Last Sunday, January 2nd, Ken's brother, Kevin passed away. He was 54.
Kevin lived with us for almost five years. The last few months, mainly because Ken has been so ill, Kevin has lived in a group home. We all knew that it was not likely he would live a long life, but the end came shockingly quick.
When I think of my brother-in-law, Kevin, it is as one of three quite destinct persons. The first is the child. My earliest clear memory of him was after going to 4th of July fireworks with Ken, his mother, and his two little brothers, Kevin and Keith. Ken and I were just teenagers. We were all eating ice cream at the counter of a Howard Johnson's restaurant somewhere in California's San Fernando Valley. Kevin (about five years old) said, "Mom, is Ken going to marry Dorcas?" I can still see him--dark brown eyes full of childlike innocence, and that mop of thick wiry hair. Ken and I laughed self-consciously.
I soon learned that the George household was not a happy one. I saw and heard things that shocked me. I was young and I was horrified, and I did not know what to do about what I observed.
Both my mother and father in law have died. I loved them, and I miss them. They each had some wonderful qualities. Mom and Dad were not bad people, but they were very bad parents. They had no idea how to raise children. I think they loved their kids but were afraid that to show tenderness or affection would make their children weak. It was impossible to know what would set one, or both, of them into a rage. A Mormon family, the nice façade was on when needed, but it was quickly discarded at home.
Kevin was an average child with three very intelligent siblings. The eldest, Karal, was the only girl and had left home by the time I met Ken. All of them endured physical and verbal abuse. They were demeaned constantly. They were hit, sworn at and repeatedly told that they were stupid, dumb, or worthless Kevin took it to heart the most perhaps. I sometimes wondered, "If the Georges act like that with me around, what must they do when they don't have company?"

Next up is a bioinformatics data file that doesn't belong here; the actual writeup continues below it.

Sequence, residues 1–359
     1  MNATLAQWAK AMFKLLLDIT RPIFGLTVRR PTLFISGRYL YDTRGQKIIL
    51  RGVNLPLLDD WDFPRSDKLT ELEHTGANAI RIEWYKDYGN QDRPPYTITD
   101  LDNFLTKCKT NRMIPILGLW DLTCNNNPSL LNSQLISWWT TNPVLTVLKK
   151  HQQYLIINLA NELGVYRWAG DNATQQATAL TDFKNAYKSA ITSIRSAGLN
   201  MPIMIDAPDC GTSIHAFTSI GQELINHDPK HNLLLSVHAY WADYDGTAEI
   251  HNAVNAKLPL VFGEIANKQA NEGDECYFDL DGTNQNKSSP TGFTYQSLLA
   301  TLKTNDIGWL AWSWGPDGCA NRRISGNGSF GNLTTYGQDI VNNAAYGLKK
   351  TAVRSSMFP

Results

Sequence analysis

Kevin was a good-looking little boy, a tall, gangly, rather hapless kid. I can see his face when Ken graduated from Marine Corps boot camp. He smiled and smiled--so proud of his big brother. It was a rare good day with the family. The child Kevin had a sweet smile and an innocent and kind heart. He made me sad. I knew he was a child who needed affirmation and encouragement but rarely got it.
Kevin tried to kill himself at age twelve. He was in a coma for a few days, and he was never quite the same afterwards. A few years ago he told me that he started using drugs at 14. "The stoners," he said, "accepted me."
The second Kevin became an angry, selfish, rebellious teenager who landed in juvenile hall more than once. Mom and dad couldn't handle him, so he was sent to live with big sister, Karal--a disaster that lasted only a few months and ended very badly. Next stop to land was with us. While longer than the stint with Karal (about a year and a half), it did not go well. We tried, but we were young and Kevin was broken. There were sometimes glimpses of the person he should have been, but they were rare. He was too angry, too sullen, too bitter and hate-filled for anyone to deal with. When I picture him during that time, his face is dark--and not just from his olive skin. He was quite handsome, but he was always scowling. He was a thief and an almost pathological liar.
He did go to church with us, and there was a time when we saw a change which lasted a couple of months. Then he was worse than ever. He ran away, missing finishing high school by a mere three credits. After a few encounters here and there, one for his father's funeral and one for his sister's funeral, we did not see him again. Years passed. Rarely, we heard a little about him. He was a carnival worker down south somewhere. He was in the Army. He was tossed out of the Army. He was married and back in California. He was divorced. He was homeless. He was living with a cousin.
All attempts to talk to him, including a phone call when his mother died, were refused. We prayed for him, off and on, and we thought about him sometimes--less as two decades went by. Sometimes we wondered if he was still alive.
And then one day the phone rang. It was Kevin. He was clearly strung out. He couldn't stop talking. The voice was unrecognizable. But it was Kevin. So I talked, or rather listened, for a while, tears running down my face and then passed the phone to Ken. Afterwards, we hugged each other and cried. There were no words to say.
I don't want to write much of what we learned about Kevin. The details of his life are gruesome and sordid. He had endured eight amputations. A diabetic who never took care of himself, he developed gangrene in his foot. His foot was amputated, and then, as the infection advanced, more of his leg. But he said to Ken, "They told me they couldn't take off any more and if it didn't work this time I would die. I left my anger on the operating room floor with my leg. I love you and Dorcas. I don't remember why I hated you so much. I asked God to forgive me." He sent us a picture--a scrawny shadow of his former self, with no teeth. I threw it away.
A few years passed with occasional phone calls, and two brief visits. I wrote about one HERE. He wanted to move here, I think because he thought living with us would help him stop the drugs. We had no room for him, because my elderly mother lived with us.